In relation to cardiac surgery:

a)    What are the complications of aortic cross clamping and cardiopulmonary bypass that may affect the post-operative ICU management?    (80% marks)

b)    What are the major risks from internal mammary artery grafting? (10% marks)

c)    What are the major risks from radial artery grafting? (10% marks)
 

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College answer

a)

Respiratory complications:

  • Left lower lobe collapse (poor re-inflation post bypass, phrenic nerve injury)
  • Increased pulmonary vascular resistance (protamine)
  • Acute lung injury (SIRS)
  • Pulmonary oedema
  • ?pneumothorax

Cardiovascular complications

  • Myocardial stunning or infarction (inadequate myocardial protection)
  • Coronary graft ischaemia (air embolism)
  • Right ventricular dysfunction (pulmonary hypertension related to protamine)
  • Hypoperfusion and end-organ ischaemia related to non-pulsatile flow and/or air/atheroma embolism from cross clamping
 
  • Aortic dissection from cross clamping

Neurological complications

    • Cerebrovascular events, watershed infarcts,
    • neurocognitive dysfunction (low flow, thromboembolism)
    • Phrenic nerve palsy (use of cold cardioplegia ‘slush’)

Renal complications

  • Dysfunction related to ischaemia (non-pulsatile flow) and SIRS

Gastro-intestinal complications

  • Splanchnic ischaemia (low flow, thromboembolism)
  • Hepatitic dysfunction, acalculous / gangrenous cholecystitis, pancreatitis (hypoperfusion, SIRS)

Haematological complications

  • Coagulopathy (effects of hypothermia and dilutional coagulopathy, residual heparinisation, activation of coagulation cascade during bypass)
  • Anaemia (haemodilution, blood loss in the circuit)
  • Platelet dysfunction (bypass circuit) Haemolysis (bypass circuit)
  • Bleeding from aortic cannulation site Metabolic complications
  • Hypothermia (intra-operative cooling and delayed re-warming)
  • Insulin resistance and hyperglycaemia (hypothermia)
  • Electrolyte abnormalities (haemodilution, post-pump diuresis)

Immune-mediated complications

  • Activation of coagulation cascade (blood contact with non-biological surfaces and blood-gas interface)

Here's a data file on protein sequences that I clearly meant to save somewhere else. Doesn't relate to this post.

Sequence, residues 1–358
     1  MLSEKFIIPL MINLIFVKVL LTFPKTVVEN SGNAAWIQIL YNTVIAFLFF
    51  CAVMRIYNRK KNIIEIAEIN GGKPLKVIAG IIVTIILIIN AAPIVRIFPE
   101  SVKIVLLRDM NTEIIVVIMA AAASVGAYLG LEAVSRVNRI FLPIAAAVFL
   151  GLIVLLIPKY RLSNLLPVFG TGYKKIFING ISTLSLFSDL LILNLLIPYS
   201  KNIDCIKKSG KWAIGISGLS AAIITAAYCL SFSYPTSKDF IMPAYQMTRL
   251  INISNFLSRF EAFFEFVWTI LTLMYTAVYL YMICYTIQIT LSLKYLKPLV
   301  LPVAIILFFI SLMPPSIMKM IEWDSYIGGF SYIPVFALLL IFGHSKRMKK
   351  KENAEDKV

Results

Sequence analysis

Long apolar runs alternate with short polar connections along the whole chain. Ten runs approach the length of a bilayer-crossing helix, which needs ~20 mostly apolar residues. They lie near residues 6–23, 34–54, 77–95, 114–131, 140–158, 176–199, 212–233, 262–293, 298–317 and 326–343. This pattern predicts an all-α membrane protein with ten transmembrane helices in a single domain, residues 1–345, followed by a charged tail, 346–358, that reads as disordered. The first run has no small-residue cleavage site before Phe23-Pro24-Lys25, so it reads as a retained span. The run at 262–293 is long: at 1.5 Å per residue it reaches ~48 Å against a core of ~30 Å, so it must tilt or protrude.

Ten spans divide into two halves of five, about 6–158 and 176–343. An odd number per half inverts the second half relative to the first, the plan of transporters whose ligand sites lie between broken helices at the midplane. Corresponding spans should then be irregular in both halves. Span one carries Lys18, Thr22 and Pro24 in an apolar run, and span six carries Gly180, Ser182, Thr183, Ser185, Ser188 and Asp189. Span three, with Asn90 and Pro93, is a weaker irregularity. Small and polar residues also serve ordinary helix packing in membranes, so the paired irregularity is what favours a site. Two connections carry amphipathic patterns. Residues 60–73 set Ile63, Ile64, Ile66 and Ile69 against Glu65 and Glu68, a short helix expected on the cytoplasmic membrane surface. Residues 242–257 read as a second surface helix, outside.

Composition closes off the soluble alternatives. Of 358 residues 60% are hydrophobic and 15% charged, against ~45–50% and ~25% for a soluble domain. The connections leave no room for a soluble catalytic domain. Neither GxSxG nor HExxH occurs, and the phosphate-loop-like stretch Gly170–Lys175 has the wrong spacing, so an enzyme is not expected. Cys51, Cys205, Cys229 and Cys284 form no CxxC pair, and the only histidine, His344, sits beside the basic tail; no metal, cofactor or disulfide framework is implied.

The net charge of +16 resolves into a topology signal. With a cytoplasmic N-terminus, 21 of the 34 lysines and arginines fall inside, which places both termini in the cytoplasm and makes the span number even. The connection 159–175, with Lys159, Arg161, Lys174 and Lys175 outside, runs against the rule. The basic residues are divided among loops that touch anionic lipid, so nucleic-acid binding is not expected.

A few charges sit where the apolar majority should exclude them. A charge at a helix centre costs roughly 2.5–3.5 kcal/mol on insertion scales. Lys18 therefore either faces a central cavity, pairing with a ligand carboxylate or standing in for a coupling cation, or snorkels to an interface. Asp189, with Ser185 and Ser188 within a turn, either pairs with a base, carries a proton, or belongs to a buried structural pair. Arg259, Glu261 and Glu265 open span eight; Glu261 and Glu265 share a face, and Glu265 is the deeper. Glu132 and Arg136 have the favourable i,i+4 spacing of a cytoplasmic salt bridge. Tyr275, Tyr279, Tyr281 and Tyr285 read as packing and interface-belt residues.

• SIRS (leucocyte and complement activation, cytokine release and expression of adhesion molecules stimulated by contact with bypass circuit)
  • Allergic reactions to protamine

ALTERNATIVE TEMPLATE BASED ON PATHOPHYSIOLOGY

  1. Effects related to blood contact with non-biologic surfaces and blood-gas interfaces
    • Activation of coagulation cascade- consumptive coagulopathy, thromboembolic phenomena, haemolysis, 
rarely TTP.
    • Systemic  inflammatory  response  syndrome  due  to  leucocyte  and   complement  activation, cytokine release 
and expression of adhesion molecules- vasodilatory shock, fever, acute lung injury, liver dysfunction, 
multiorgan dysfunction.
    • Platelet dysfunction
  1. Effects related to non-pulsatile flow
    • Renal dysfunction
    • Cerebrovascular events, watershed infarcts, neurocognitive dysfunction
    • Splanchnic ischaemia
  1. Effects related to haemodilution
    • Dilutional coagulopathy, anaemia.
    • Electrolyte abnormalities
 
  1. Effects of hypothermia
    • Coagulopathy
    • Decreased tissue oxygen delivery
    • Insulin resistance and hyperglycaemia
  1. Effects of heparin and protamine
    • Residual heparinisation leading to bleeding
    • Increased pulmonary vascular resistance and right ventricular dysfunction from protamine, allergic 
reactions to protamine
  1. f) Effects related to aortic manipulation (cross-clamping and proximal grafts)
    • Systemic embolisation with potential for neurologic, mesenteric and renal dysfunction.
    • Aortic dissection from cannulation site
    • Bleeding from bypass cannulation site